Last week, I ran across three different references to an eye-opening documentary titled A History of the World According to Getty Images. This impressive video created by British filmmaker Richard Misek explores the way that historic films are hidden from public view by paywalls from a few corporations that charge exorbitant fees for access. Much of this historic material is technically in the public domain or was never under copyright.
Misek’s video aims to release these images from “captivity.” Starting with a montage of dramatic historical footage followed by a roundup of the high price-tag they command, Misek then dives into a series of clips one at a time to detail their history, including how visual media companies have exploited them. Ultimately, he makes a compelling argument that this murky practice has major public interest implications that extend far beyond the high price-tag for filmmakers.
From Misek’s website:
‘A History of the World According to Getty Images’ is a short documentary about property, profit, and power, made out of archive footage sourced from the online catalogue of Getty Images. It forms a historical journey through some of the most significant moments of change caught on camera, while at the same time reflecting on archive images’ own histories as commodities and on their exploitation as ‘intellectual property’.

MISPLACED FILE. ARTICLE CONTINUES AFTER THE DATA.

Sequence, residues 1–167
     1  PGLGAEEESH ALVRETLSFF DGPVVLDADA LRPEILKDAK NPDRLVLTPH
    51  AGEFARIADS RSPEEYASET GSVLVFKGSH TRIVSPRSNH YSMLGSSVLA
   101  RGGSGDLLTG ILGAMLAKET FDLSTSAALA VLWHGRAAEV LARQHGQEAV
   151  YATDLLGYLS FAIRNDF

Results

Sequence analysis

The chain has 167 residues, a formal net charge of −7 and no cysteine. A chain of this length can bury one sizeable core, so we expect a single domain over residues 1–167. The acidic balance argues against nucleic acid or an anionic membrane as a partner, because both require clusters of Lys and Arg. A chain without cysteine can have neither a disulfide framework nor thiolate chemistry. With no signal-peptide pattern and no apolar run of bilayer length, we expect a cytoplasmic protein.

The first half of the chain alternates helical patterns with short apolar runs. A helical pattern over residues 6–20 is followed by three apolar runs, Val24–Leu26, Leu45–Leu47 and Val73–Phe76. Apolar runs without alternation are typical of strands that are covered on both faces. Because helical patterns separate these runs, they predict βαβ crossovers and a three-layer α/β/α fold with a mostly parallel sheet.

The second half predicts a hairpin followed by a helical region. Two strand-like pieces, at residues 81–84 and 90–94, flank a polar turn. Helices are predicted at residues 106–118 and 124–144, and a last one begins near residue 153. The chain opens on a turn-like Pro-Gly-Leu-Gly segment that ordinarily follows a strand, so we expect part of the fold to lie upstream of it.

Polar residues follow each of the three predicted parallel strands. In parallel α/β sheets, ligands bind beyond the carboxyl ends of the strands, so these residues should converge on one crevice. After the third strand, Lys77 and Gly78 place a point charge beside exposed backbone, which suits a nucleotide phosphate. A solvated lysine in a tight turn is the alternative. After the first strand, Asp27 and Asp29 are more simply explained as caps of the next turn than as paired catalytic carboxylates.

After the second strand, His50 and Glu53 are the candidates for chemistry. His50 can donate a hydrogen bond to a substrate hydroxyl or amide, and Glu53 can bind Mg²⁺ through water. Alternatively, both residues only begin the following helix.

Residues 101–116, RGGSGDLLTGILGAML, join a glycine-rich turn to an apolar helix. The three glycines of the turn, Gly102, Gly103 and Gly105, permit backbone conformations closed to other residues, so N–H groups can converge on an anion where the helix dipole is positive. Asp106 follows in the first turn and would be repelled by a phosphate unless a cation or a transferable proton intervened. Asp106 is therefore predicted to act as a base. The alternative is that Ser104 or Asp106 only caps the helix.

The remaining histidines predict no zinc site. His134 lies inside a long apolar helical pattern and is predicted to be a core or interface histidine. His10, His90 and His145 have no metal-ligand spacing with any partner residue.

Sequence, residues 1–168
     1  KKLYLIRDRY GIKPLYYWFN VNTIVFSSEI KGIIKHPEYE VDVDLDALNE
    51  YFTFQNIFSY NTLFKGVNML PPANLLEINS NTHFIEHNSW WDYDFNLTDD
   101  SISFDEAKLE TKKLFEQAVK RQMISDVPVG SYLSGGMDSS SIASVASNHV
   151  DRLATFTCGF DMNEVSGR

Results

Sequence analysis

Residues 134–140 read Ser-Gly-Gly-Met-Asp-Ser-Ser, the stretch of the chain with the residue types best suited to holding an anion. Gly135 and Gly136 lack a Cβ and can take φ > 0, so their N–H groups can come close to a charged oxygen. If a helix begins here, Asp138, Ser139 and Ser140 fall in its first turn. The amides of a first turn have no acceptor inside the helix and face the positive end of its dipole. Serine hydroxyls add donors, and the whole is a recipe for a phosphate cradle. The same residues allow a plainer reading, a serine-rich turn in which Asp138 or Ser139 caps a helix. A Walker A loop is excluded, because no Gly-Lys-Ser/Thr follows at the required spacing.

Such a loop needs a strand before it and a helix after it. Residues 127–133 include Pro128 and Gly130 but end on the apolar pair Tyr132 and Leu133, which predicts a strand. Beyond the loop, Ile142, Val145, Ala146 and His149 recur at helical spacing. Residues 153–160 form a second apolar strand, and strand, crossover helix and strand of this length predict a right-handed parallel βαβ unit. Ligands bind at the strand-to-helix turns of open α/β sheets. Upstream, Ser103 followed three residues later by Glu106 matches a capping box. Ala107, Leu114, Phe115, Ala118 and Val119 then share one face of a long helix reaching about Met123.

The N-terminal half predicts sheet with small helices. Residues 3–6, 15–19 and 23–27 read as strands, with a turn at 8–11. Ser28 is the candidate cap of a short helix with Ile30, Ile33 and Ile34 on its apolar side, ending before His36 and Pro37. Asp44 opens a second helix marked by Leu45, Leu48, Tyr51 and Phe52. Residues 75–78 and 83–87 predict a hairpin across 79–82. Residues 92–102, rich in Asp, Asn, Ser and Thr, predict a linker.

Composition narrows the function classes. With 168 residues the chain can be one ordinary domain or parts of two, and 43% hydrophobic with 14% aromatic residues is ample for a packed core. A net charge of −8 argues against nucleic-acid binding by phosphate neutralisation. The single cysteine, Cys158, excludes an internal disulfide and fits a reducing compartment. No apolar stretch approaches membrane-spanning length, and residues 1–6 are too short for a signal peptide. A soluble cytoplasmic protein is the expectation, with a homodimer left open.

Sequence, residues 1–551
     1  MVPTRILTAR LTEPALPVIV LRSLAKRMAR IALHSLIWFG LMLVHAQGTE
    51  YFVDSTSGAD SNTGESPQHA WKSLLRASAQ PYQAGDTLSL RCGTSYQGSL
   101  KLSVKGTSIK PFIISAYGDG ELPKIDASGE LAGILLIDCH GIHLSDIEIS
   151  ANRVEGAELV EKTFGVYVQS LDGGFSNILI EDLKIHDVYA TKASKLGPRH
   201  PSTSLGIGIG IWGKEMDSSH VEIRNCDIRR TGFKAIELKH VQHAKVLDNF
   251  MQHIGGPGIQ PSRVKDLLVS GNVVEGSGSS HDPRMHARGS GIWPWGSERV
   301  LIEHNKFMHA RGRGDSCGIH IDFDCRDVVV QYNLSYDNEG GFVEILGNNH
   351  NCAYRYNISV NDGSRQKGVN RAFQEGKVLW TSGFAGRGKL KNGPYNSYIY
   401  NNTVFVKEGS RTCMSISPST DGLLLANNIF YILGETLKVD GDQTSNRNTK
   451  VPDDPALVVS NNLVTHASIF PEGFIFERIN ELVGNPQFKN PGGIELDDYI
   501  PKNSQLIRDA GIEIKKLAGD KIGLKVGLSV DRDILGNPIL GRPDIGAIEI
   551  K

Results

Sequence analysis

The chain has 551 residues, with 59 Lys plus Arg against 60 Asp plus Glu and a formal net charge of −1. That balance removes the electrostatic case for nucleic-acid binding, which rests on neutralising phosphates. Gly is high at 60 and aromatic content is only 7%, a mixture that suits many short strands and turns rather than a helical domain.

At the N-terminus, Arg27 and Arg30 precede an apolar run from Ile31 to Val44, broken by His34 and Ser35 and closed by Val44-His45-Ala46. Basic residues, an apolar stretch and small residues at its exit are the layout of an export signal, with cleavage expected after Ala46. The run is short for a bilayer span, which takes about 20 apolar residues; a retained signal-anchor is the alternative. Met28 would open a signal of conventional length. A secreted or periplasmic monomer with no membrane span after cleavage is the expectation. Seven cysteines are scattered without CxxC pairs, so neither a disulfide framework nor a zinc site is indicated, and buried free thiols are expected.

As the largest commercial image archive in the world, Getty Images is particularly worthy of attention here. Many of the defining images of the last century – for example, the Apollo moon landings and the first breach of the Berlin Wall – are owned by Getty. These images live in our heads, and form a part of our collective memory. But in most cases, we cannot access them, as they are held captive behind Getty’s (as well as many other archives’) paywalls.
The film explores how image banks including Getty gain control over, and then restrict access to, archive images – even when these images are legally in the public domain. It also forms a small act of resistance against this practice: the film includes six legally licensed clips, and is downloadable as an HD ProRes file. In this way, it aims to liberate these few short clips from corporate control, and make them freely available for viewing and artistic use.